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  #41  
Old 01-15-2018, 11:57 AM
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Originally Posted by ROYAL NORWAY View Post
I know from your previous posts here on TRF that you're one of the very few people in this world who is not one of the Queen's biggest fans (and I respect that), but even you must admit that it was HM who was the star of this documentary.

And (as Alastair Bruce himself has said) it was never supposed to be an interview.

What did I think about it? I loved it. - And as the Telegraph put it: The Queen outshone the Crown Jewels.
You are a fan of the Queen. Logical that she is your star of the evening. Essentially the Queen had little to tell. It was Lady Anne who told about the meticulous preparation under the sharp eye of the Duke of Norfolk. It was her who told about the dresses for the ladies of honour, showing her fabulous example, it was her who told how the Queen reacted when they were in the dead moment before entering the Abbey, it was her telling about the smelling salt in the long gloves and how one of the capsules broke, it was her telling about the rehearsal with the Duchess of Norfolk as stand-in for the Queen, it was her who told about the Black Rod giving support, it was her telling about how not only the Queen but also the Ladies of Honour changed "behind the fence" (near the Tomb of Edward The Confessor). The Queen uttered some platitutes ("an awfully lot of backward walking") but it was Lady Anne who enriched the documentary with lots of lovely faits-divers. Without Lady Anne it would have been a fish soup without fish. Thank you, Lady Anne!
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  #42  
Old 01-15-2018, 11:58 AM
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I really enjoyed this programme , so lovely seeing the Queen talking and being relaxed , think I will watch it again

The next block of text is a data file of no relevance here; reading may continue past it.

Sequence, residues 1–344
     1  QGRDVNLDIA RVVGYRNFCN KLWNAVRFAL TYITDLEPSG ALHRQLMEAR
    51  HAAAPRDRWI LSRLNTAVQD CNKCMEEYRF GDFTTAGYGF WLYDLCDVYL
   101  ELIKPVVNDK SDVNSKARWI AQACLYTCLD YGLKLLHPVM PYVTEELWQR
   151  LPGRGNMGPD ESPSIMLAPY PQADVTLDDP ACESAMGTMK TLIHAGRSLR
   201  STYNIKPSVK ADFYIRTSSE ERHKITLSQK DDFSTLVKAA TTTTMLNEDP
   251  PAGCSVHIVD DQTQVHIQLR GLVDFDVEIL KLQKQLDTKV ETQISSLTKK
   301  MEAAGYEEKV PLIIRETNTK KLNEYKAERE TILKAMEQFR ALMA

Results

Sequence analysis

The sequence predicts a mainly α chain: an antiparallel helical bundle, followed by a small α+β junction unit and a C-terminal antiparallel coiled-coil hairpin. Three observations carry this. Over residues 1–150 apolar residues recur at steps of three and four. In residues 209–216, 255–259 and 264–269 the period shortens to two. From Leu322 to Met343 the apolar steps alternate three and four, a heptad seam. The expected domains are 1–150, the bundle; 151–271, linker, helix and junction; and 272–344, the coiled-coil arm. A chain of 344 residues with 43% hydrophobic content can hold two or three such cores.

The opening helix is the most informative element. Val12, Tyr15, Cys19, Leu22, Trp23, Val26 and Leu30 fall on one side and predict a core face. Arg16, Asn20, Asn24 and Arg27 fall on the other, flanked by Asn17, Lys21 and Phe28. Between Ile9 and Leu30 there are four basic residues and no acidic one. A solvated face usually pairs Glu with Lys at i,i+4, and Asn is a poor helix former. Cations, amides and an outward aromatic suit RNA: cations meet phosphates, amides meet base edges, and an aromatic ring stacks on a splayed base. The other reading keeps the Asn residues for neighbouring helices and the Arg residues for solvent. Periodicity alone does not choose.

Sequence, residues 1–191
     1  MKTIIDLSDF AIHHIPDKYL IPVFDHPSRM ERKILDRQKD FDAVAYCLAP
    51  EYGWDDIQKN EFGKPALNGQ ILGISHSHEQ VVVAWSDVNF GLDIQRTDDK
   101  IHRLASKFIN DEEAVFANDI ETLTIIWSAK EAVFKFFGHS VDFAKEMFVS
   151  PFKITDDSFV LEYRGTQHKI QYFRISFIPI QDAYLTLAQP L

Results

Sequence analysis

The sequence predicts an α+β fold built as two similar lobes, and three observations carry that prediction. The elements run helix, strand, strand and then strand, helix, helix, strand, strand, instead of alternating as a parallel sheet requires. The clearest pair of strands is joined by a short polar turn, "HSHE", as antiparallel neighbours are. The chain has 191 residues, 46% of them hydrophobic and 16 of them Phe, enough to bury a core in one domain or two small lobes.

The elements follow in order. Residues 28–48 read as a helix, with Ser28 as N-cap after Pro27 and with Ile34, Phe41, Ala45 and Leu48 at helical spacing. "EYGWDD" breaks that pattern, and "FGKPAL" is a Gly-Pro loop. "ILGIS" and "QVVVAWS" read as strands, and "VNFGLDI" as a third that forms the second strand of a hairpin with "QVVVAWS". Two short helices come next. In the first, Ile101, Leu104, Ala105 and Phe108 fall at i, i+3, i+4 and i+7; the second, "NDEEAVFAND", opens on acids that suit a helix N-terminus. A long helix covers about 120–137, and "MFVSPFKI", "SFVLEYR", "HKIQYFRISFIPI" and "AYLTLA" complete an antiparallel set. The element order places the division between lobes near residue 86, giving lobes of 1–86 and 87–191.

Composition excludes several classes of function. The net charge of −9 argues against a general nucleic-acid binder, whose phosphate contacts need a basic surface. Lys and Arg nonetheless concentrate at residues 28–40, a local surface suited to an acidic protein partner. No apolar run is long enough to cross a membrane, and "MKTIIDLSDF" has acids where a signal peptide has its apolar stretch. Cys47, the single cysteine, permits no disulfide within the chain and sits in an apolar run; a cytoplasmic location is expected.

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  #43  
Old 01-15-2018, 12:02 PM
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Originally Posted by Duc_et_Pair View Post
You are a fan of the Queen. Logical that she is your star of the evening. Essentially the Queen had little to tell. It was Lady Anne who told about the meticulous preparation under the sharp eye of the Duke of Norfolk. It was her who told about the dresses for the ladies of honour, showing her fabulous example, it was her who told how the Queen reacted when they were in the dead moment before entering the Abbey, it was her telling about the smelling salt in the long gloves and how one of the capsules broke, it was her telling about the rehearsal with the Duchess of Norfolk as stand-in for the Queen, it was her who told about the Black Rod giving support, it was her telling about how not only the Queen but also the Ladies of Honour changed "behind the fence" (near the Tomb of Edward The Confessor). The Queen uttered some platitutes ("an awfully lot of backward walking") but it was Lady Anne who enriched the documentary with lots of lovely faits-divers. Without Lady Anne it would have been a fish soup without fish. Thank you, Lady Anne!
Even those who are not "a fan" of the Queen, or even just neutral about her, can acknowledge her presence in the program.

You are really going out of your way to not have anything positive or remotely neutral to say.
Your emphasis on Lady Glenconner and making your reply only about her input implies talking about the Queen as if she wasn't there and that's ignorant at the least and falsifying at the most.
In real life it would be downright rude.

She seems to be a really funny lady and gifted with a very dry sense of humor.
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  #44  
Old 01-15-2018, 12:28 PM
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I only uttered that -for me- Lady Anne was the star of the docu. But of course it is like with Madonna's fans. When she sang off-key, they will still claim she sung like a nightingale.

The Dean of Westminster was nice, Lady Anne was nice, the item about how the golden spoon escaped the demolition by Cromwell was fascinating, the almost military rehearsal by the Duke of Norfolk was informative, how the regalia were hidden at Windsor was almost a suspense, "James Bond" as was said indeed. On the whole of the documentary, they were the ones giving the building stones to construct the story. The Queen made some comments. Essentially that was it. Let us be happy that we are free individuals to see and to digest a documentary in each individual way.

I have seen streams of demolishing comments in British comments sections, on Twitter and other social media. So I have said nothing wrong by praising Lady Anne.
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  #45  
Old 01-15-2018, 01:01 PM
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Originally Posted by Duc_et_Pair View Post